Nevertheless, said Elwood, bank lobbyists recognized there was a need for legislation to stop dual tracking and curb foreclosures. He and Legal Aid got banking representatives to agree to Rep. Hortman’s scaled-back bill, House File 1377 (paired with Sen. Torres Ray’s companion bill, 1276), that would include a ban on dual tracking, and give homeowners the opportunity to legally call a timeout. “We wanted to create an important tool for homeowners to create loan modifications for which they’re eligible,” said Elwood.

“That wouldn’t have happened without the support of bank lawyers who helped craft the language to work in concert with other legislation already out there. Ultimately, it was the effort of advocates and industry working together that got the bill done.”

All parties eventually agreed on a bill that would ban dual tracking and include a private right of action for homeowners. But banks would not agree to the third component of Freiberg’s original Housing Bill of Rights — mandatory mediation. The push for mandatory mediation could re-emerge next legislative session.

“Everyone understands there’s still an issue we need to deal with regarding foreclosures,” said House Speaker Paul Thissen. “But (we need to) understand what’s happened so far and how that’s been effective, what’s happened at the federal level and how that interacts with what we need to do at the state.”

“The process to move the Homeowner Bill of Rights forward (was) not a simple process,” conceded Sen. Torres Ray, who took the bill to the Senate floor on May 16. “Almost 170,000 people have lost their homes in Minnesota,” she told fellow lawmakers. “These individuals only have us to represent them here.” The Senate passed the bill 61-1. Three days later the House approved it, 123-0.

“It’s a compromise between the bankers and consumer advocates to give our consumers a little bit more protection in a foreclosure situation,” conceded Rep. Hortman.

Gov. Dayton signed the Homeowner Bill of Rights into law on May 24.

Housing justice advocates declared a resounding victory, and on Aug. 1, Minnesota will join California as the second state in the country with a Homeowner Bill of Rights. The dual-tracking prohibition takes effect on Oct. 31 — in advance of federal Consumer Financial Protection Bureau regulations that kick in next January. Housing activists say that California’s bill of rights has cut foreclosures by over 60 percent — however the recovering economy and housing market is responsible for some of that improvement.

“For us it’s an unbelievable show of bipartisan support for this issue,” said Anthony Newby, an organizer with Neighborhoods Organizing for Change (NOC). “There were multiple days during this legislative session when this bill was dead in the water. Senators had threatened to not hear the bill. On the House side it felt like there was not enough confidence to keep it moving. It’s pretty clear to me that the on-the-ground pressure has been the difference-maker.”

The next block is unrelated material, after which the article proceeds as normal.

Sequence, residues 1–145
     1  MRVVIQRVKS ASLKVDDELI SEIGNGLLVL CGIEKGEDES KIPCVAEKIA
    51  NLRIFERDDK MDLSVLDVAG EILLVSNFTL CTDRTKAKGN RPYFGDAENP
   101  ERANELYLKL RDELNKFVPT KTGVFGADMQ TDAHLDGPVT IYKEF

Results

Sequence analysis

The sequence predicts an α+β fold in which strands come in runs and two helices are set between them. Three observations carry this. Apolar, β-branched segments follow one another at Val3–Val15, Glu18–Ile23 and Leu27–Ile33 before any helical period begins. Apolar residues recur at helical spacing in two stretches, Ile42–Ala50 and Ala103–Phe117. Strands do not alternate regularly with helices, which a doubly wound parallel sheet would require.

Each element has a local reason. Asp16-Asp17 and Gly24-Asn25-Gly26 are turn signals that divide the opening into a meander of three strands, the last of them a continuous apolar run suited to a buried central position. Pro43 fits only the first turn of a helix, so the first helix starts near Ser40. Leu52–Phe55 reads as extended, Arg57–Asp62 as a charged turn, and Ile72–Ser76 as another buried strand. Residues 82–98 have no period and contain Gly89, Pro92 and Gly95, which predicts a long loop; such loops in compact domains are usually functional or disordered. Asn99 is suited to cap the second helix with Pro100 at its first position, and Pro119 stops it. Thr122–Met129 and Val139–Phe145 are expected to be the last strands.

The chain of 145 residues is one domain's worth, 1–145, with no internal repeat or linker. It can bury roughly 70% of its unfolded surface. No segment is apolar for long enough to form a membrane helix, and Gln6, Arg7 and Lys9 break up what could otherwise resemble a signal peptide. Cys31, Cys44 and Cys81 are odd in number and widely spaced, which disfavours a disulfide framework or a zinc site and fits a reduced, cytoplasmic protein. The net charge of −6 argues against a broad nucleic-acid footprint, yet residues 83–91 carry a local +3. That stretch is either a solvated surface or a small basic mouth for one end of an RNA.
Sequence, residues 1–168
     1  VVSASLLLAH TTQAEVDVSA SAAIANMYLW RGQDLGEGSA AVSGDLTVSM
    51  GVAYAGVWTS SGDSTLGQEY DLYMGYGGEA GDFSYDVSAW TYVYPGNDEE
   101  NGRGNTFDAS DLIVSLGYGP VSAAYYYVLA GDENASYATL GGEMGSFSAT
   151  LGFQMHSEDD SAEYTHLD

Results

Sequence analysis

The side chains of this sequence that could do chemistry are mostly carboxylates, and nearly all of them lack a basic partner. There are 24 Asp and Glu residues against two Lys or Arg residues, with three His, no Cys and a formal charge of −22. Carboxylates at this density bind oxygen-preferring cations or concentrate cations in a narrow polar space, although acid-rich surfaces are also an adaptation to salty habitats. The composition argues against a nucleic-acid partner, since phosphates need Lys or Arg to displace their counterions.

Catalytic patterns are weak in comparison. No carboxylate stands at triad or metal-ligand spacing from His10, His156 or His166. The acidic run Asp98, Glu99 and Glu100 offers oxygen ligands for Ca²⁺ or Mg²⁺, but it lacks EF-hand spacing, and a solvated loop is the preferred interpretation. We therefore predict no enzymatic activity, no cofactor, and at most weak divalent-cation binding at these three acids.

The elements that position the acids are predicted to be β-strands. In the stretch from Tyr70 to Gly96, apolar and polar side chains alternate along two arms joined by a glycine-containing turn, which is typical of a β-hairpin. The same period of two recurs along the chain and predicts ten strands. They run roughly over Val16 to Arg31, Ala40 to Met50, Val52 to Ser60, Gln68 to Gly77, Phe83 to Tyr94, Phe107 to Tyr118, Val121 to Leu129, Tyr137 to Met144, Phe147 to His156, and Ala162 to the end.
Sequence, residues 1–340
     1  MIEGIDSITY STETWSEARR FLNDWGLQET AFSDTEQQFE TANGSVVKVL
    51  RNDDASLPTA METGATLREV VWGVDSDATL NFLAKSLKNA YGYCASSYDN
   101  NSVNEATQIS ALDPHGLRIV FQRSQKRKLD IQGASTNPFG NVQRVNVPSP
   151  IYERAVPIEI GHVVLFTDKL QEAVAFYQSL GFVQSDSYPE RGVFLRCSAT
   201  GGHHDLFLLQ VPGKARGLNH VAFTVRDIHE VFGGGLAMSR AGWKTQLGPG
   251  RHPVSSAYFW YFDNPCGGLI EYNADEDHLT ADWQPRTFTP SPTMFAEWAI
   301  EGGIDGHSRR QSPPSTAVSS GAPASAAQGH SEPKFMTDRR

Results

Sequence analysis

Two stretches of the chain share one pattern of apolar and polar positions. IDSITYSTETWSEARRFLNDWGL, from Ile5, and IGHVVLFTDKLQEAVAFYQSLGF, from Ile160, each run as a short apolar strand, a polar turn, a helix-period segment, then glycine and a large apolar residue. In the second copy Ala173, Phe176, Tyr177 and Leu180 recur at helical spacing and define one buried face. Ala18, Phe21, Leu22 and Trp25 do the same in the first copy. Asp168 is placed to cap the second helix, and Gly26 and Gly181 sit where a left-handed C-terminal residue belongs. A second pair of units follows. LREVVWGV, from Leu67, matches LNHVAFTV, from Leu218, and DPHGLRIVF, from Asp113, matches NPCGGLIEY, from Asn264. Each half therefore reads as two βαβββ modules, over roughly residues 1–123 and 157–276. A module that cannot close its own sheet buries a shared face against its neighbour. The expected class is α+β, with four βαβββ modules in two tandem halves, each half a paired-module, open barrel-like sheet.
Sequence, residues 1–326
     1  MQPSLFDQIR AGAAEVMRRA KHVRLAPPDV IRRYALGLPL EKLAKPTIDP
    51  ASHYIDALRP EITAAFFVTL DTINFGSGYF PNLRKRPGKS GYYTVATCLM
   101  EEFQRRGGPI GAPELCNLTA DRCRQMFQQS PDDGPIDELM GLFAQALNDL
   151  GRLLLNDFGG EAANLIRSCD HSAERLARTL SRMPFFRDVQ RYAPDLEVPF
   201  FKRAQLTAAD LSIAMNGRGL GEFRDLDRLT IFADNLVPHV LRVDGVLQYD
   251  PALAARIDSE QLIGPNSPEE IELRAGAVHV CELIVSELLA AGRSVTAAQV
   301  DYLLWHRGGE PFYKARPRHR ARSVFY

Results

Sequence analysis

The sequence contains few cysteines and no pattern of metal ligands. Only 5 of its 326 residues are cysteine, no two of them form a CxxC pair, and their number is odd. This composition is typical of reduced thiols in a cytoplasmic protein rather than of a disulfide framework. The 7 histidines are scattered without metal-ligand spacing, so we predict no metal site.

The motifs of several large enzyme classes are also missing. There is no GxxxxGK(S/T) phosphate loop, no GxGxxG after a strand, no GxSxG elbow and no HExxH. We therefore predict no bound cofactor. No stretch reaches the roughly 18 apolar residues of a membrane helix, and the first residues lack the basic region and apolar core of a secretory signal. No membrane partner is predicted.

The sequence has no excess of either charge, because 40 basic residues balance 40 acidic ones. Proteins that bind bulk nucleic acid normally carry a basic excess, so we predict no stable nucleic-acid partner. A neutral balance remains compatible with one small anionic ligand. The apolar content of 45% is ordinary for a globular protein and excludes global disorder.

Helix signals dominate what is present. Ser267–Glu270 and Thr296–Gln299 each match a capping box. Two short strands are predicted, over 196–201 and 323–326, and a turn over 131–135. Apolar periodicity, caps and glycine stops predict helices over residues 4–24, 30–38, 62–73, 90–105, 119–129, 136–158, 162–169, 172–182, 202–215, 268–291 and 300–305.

What remains to be seen is how the homeowner rights legislation will impact communities of color, which were hit hardest by the economic recession and foreclosure crisis.

The day after the bill passed the Senate, NOC released a report called “Wasted Wealth”, which details how communities of color have been hit harder than white communities during the financial crisis and housing market collapse. Read the report here.Wasted.Wealth_MINNEAPOLIS.STPAUL

“It’s something we knew,” said Newby. “We now have a report that gives the facts and figures. There were hundreds of millions of dollars that have been stripped from communities of color (in Minnesota), and we need comprehensive legislation that will address that issue.

“It’s great that this bill passes, but if it doesn’t affect our members and the people in North Minneapolis, East Saint Paul and the Frogtown and Phillips neighborhoods, then it hasn’t had the effect that it needs to, and we’ve got more to do.”

Sen. Torres Ray was motivated to carry the homeowner bill through the Senate by the homelessness she’s seen arise in her district, particularly among working-class Latino and African-American families.

“When I started door-knocking seven years ago, I almost never saw an empty house in District 63,” she said. “During the last three years I have seen so many empty homes. Individuals who work, individuals with young families, who have lost their homes and right now are homeless. A significant number of Latinos and African Americans who invested in their homes, who bought a home for the first time, and who lost all of their savings, and now they are homeless.”

Depending on how the housing market recovers, the state legislature may have to revisit homeowner rights again in 2014.

But for now, Rose McGee is celebrating her twin victories: Keeping her home and her important role in the housing victory at the Capitol.